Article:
There are conflicting dates attributed to the photo. Scribbled in white on the photograph, as was normal back then, it says inside a hand-drawn scroll: “STEPTOE BUTTE 3800 FEET HIGH. THE BEST PLACE IN WASHINGTON TO GET A GOOD VIEW OF THE COUNTRY.” Then to the right, the same scribbler wrote, “WE ARE WAITING FOR THE CAR.” To the far left is a surrey without a horse. Perhaps it was Shorty’s, waiting to take guests back down the butte that day. 

In the foreground, a ladder and stone rubble affirm the photo might indeed have been taken on the day of the grand opening. The people stand shoulder to shoulder in front of the hotel, and still more are lining the cupola on the third floor. There is a 10-piece horn band with a drummer. People are wearing their finest clothes: men in dark suits with white shirts and dark bowler hats, women in long full dresses tightly fitted around the torso, their heads festooned with big flailing hats. 

Sitting in front is Davis, flagged in a sea of dark suits by his cloud-white hair and beard. 

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THE MAIN ATTRACTION of the hotel was Davis. But the second bill was perched at the top inside that observatory and reading room: the large brass telescope. In 1888, people had never seen anything like it. The Lewiston Teller and Seattle Post-Intelligencer pronounced: “A peep through the big telescope is worth the 25 cents charge for admission.” 

Just after the grand opening, an authoritative book⁠ reported about the telescope. “With its aid, a view, scarcely to be paralleled in the country, is spread out like a map. A foreground of vast rolling plains checkered with grain fields; a background of towering mountains, rising, tier on tier, till they break at last against the barriers of eternal frost — such is the outlook which daily greets the vision of this brave old pioneer of the Palouse.” “Cashup’s Pride,”⁠ it was called by some. 

“When Mr. Davis purchased this historical hill, many of his friends thought he was out of his head, but those who have visited the place have changed their minds wonderfully,” gushed the Spokane Falls Review. “Cash Up can not be other than voted an enterprising and progressive man. His advertising the butte as he is not only benefits himself, but the entire country and community.” 

DAVIS KNEW HE had a good thing going. And he sought to invest in his hotel and his Steptoe Butte operations with improvements and events. In about 1890, he added a covered porch around the entire hotel that was 10 feet deep, creating more floor space for large crowds and allowing people to relax outside while taking in that view. 

He planned a convention at the hotel to bring together Native American leaders and American historians to clarify that, contrary to popular belief at the time, the Battle of Pine Creek had not taken place on Steptoe Butte. He knew he no longer could claim that his hotel was the site of this battle, but it surely could be the site of that discussion. 

In May 1891, Davis hosted⁠ a “temperance ball” at the hotel, celebrating the era’s push against alcohol. The period was called “the second wave of temperance.” Alcohol was a problem in many areas of the United States, including the pioneer west, where saloons were plentiful. Fundamentalist religion was quite prevalent on the Palouse, and local churches worked toward temperance.

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Davis’ hotel, and his stage stop before that, was known for parties and good times, so he was eager to demonstrate to the community that they could have fun without alcohol.

DAVIS’ APPLE TREES, planted along the slopes of the butte, were mature and in full production now. As a result of his wise varietal planting, he provided his hotel guests with fresh apples many months of the harvest season. The apple trees, while now partly covered in overgrowth, still produce delicious and rare varieties of apples, left to the deer and other wildlife. 

The success of the hotel paralleled the expansion and productivity of the Palouse. Electricity lines gradually were built. ⁠ Cars were still more than a decade away, but new railroad lines continued to slice the region and, with them, boost commerce and bring more people to the area. The Territory of Washington became the State of Washington just 17 months after the hotel opened.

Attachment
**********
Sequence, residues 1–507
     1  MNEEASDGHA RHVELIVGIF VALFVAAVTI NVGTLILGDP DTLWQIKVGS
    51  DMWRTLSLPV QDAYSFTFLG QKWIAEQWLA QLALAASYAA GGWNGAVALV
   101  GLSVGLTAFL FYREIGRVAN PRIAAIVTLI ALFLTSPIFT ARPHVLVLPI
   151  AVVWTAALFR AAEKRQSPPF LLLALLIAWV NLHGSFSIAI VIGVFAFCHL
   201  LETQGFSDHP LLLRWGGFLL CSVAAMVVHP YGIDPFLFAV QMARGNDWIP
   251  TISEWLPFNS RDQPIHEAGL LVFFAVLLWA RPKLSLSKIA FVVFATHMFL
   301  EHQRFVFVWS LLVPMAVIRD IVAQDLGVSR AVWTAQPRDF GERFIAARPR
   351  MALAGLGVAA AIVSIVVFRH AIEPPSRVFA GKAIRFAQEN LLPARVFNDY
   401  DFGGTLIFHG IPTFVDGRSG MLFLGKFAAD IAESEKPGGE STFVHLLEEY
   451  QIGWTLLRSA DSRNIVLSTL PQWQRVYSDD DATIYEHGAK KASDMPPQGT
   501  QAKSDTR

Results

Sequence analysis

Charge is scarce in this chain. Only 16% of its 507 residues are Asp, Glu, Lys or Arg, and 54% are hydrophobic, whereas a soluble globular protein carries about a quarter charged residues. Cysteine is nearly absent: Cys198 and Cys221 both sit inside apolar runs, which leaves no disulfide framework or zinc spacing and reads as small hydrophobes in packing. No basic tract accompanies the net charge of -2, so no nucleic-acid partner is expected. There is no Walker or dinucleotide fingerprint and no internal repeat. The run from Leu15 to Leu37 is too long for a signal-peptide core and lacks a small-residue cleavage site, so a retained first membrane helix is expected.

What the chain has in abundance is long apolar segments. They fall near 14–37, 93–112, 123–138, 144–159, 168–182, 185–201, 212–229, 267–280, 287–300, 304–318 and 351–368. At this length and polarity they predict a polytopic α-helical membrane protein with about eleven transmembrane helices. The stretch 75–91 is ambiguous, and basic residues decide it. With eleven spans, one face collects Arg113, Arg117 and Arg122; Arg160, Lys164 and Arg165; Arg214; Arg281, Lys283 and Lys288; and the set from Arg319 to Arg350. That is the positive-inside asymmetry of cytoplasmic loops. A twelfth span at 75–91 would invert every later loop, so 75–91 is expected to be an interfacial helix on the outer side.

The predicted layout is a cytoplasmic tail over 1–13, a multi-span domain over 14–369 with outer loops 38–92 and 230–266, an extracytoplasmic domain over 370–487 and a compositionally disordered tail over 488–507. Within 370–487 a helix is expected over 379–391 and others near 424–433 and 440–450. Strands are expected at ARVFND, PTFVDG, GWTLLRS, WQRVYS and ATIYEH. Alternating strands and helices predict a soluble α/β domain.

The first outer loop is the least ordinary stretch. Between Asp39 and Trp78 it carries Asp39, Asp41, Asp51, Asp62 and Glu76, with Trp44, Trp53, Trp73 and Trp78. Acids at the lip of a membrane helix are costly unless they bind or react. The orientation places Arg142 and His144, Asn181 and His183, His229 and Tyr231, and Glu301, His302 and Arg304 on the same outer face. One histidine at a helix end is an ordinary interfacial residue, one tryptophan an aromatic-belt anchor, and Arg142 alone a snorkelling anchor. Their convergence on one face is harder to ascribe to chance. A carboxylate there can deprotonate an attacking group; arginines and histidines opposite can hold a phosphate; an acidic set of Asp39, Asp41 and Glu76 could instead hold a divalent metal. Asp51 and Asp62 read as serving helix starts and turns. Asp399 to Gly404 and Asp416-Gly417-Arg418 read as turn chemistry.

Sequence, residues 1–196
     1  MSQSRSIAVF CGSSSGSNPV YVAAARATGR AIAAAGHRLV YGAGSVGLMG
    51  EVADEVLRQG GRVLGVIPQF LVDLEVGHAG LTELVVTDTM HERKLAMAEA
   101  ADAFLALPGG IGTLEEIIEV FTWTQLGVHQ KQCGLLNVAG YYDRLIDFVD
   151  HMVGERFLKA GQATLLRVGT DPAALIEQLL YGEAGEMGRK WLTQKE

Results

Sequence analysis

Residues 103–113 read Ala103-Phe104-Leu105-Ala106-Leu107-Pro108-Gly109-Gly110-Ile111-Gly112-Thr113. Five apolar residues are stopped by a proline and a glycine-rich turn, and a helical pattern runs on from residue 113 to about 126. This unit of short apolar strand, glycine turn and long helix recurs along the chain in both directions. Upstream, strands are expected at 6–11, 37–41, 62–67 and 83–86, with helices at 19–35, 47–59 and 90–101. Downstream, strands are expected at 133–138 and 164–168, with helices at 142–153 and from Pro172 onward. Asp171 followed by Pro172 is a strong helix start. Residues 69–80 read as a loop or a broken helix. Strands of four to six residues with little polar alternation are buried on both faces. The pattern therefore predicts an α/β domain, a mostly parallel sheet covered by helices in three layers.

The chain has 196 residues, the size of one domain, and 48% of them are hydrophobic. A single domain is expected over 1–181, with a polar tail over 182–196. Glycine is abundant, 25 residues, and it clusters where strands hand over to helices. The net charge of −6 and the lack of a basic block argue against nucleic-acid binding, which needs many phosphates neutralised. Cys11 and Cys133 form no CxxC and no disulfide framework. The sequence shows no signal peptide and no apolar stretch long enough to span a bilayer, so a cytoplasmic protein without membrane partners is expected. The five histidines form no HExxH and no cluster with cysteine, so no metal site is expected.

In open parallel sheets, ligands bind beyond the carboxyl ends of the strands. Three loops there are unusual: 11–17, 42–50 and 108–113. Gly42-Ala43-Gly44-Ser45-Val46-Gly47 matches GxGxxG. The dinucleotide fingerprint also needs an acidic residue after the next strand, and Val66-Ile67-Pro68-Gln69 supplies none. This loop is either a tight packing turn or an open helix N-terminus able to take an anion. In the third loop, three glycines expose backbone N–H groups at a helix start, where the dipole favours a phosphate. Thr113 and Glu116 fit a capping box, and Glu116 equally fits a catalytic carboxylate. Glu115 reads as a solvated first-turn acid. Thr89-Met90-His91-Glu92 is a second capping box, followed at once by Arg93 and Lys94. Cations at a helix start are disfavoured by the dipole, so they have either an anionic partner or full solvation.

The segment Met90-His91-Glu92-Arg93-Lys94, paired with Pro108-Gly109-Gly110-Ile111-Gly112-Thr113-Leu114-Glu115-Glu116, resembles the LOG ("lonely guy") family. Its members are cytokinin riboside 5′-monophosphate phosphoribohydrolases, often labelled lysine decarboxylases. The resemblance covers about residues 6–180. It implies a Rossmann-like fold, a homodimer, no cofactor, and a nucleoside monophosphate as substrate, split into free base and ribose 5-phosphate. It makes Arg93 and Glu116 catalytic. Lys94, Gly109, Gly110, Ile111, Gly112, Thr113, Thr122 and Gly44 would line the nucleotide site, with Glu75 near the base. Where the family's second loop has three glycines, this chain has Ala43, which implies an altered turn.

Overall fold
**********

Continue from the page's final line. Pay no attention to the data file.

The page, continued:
One newspaper account⁠ said Davis was considering building a monument to pioneers at the top. And he told people that he wanted to be buried at the summit; he even had a shovel with which he himself someday would dig his own grave. 

Davis had achieved such prominence that, according to the Garfield Enterprise, there “has been considerable discussion on the various local papers concerning the name of a noted landmark”⁠ renaming Steptoe Butte to “Cashup’s Butte” or something similar.  

BUT, AS ALMOST anyone who achieves great success can attest, Davis had detractors. And things got a little ugly. The ugliest might have come from The Spangle Record⁠, which wrote a scathing, personal attack on Davis, saying, “Mr. Davis was high cockalorem in the Palouse country,” an old phrase that means a little man who incorrectly has a very high opinion of himself; low-level and unimportant. 

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Ouch. It got worse. The newspaper writer accused Davis of taking advantage of farmers desperate for cash, claiming he famously offered to pay in cash but then would use that offer to get a low price, then haggle the price further downward, make the deal — but pay half in cash and half “in a few days, when the Portland mail comes.” Without attribution, the article reported, “One settler says men have grown old and died of old age waiting for the ‘balance’ on the ‘Cash-Up’ trade.” 

Given Davis’ abundant self-confidence — and some arrogance — he likely drew energy from his detractors and pushed even harder. 

A New York newspaper⁠ reporter put it this way: “I think in some way, ‘Cashup’ and Steptoe drew little by little nearer together, because they are so similar. Both are sturdy, upright, downright individuals, maintaining the dignity of higher plateaus amid the lower range by which they are surrounded. The subtle air or the swift wind could not affect the integrity of either. I think somehow the mountain became a motto to the man, and he demanded from and gave to his neighbors its sheer and undeviating honesty.”

The Spokane Falls Review wrote of Davis and his successful hotel, “There he has built an imperishable monument to himself in the form of his observatory and other buildings [overlooking] the fertile land at the foot of his castle.” 

What made the hotel so special was that it perched on top of one of the greatest heights on the Palouse. Yet that great height also would be its greatest downfall, as Cashup Davis was about to learn.